Experienced teachers and school leaders in England will continue to endure a decade-long pay freeze if the government’s plans for teacher salaries are adopted, according to the Institute for Fiscal Studies.
The IFS said long-serving teachers and heads will experience a 14% real-terms cut in their pay going back to 2010, following the below-inflation increases proposed by the Department for Education in its submission to the teachers’ pay review board.
The analysis comes as Nadhim Zahawi, the education secretary, is to give a keynote speech to the Association of School and College Leaders annual conference on Friday, in which he is to say that support for teachers will be “at the heart” of the forthcoming schools white paper.
The DfE has asked the School Teachers Review Body (STRB) to recommend substantial increases in pay for newly qualified teachers in state schools, allowing starting salaries to rise from about £25,000 to £30,000 in 2024, meeting a commitment in the Conservative party’s 2019 election manifesto.
But the IFS found the rise will come at the expense of much lower increases for teachers with more than five years in the classroom or in senior roles. Those teachers instead face a real-terms pay cut of 5% over the next two years.
Luke Sibieta, a research fellow at the IFS, said: “Smaller pay rises of 2%-3% per year for most other teachers are likely to represent real-terms cuts and would follow on from more than a decade of real-terms pay cuts. There is also a risk that the highly unstable geopolitical and economic situation pushes inflation higher still.”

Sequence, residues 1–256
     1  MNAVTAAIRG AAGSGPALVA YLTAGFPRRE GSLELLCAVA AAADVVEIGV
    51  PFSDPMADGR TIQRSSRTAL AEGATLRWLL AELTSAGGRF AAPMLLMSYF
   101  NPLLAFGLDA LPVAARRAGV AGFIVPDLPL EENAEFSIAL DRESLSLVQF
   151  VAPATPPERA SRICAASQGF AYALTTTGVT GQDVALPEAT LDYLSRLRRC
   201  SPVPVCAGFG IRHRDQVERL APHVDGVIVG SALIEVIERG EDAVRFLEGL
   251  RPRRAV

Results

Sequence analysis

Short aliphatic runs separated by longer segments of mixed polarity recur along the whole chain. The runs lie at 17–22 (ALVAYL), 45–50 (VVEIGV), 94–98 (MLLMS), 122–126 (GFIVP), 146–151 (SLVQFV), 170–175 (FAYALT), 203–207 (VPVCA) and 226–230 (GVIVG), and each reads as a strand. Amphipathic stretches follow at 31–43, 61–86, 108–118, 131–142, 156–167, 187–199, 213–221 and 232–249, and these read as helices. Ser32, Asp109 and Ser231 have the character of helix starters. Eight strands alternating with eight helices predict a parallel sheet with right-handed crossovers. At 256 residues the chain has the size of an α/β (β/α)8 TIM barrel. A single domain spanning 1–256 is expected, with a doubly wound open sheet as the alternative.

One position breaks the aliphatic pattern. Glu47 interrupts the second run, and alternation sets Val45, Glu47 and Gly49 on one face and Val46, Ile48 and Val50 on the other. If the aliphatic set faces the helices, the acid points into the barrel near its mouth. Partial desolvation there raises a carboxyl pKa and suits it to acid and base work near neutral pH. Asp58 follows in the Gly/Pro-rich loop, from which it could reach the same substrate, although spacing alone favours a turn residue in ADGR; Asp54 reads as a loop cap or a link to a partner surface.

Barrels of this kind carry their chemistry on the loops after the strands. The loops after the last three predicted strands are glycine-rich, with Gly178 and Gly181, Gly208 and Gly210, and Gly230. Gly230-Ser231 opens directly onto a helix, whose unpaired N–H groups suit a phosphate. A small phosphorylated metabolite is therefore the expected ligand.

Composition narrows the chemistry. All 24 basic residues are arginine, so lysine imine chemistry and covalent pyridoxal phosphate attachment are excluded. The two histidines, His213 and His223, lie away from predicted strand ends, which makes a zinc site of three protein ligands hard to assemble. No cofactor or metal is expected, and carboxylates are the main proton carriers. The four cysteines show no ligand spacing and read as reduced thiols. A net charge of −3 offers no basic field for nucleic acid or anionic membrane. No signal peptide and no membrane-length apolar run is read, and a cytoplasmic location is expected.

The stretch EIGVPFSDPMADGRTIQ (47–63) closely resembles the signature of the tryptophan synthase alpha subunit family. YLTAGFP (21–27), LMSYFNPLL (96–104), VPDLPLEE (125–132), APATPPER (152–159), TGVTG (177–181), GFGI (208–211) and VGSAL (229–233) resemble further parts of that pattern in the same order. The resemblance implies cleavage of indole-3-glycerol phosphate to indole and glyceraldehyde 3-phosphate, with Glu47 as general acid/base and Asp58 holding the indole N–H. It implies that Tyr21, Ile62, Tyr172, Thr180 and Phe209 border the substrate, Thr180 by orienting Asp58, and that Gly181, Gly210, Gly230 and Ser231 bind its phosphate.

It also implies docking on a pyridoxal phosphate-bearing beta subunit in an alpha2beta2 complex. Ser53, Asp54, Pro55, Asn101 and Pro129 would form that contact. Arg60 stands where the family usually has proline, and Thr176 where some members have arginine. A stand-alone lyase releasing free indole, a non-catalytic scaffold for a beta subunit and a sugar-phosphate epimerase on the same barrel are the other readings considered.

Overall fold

The government’s proposals work out to a 4% pay rise if applied across the board. But the IFS said that a higher average pay award of 5% for teachers was affordable this year thanks to the rise in school funding from September.
“An increase in school funding of close to £4bn in 2022 means there is room for a higher pay award within planned school budgets. A higher award than that proposed by the government may carry fewer risks than a lower one,” Sibieta said.
Zahawi will also announce that he is establishing a new arm’s-length body to help teachers and schools design the curriculum and deliver lessons. The new body will repurpose the Oak National Academy, created by a group of teachers and academies to deliver online lessons during the 2020 school closures.
“Instead of each teacher reinventing the wheel, they will be able to access content, for free, that continuously evolves and gets better and better on the back of feedback from teachers across the country – saving time and improving lessons immeasurably,” Zahawi will say.
However, the education secretary will be accused of allowing schools and colleges to be “thrown to the wolves” by his decision to restart league tables based on this year’s exam results.
Pepe Di’Iasio, president of the Association of School and College Leaders and head teacher of a secondary school in Rotherham, will tell members: “How can it be right to compare the performance of one school or college with another when they have been so differently affected by the pandemic over the last two years?”
A survey of ASCL members found that 80% were opposed to league tables being resumed.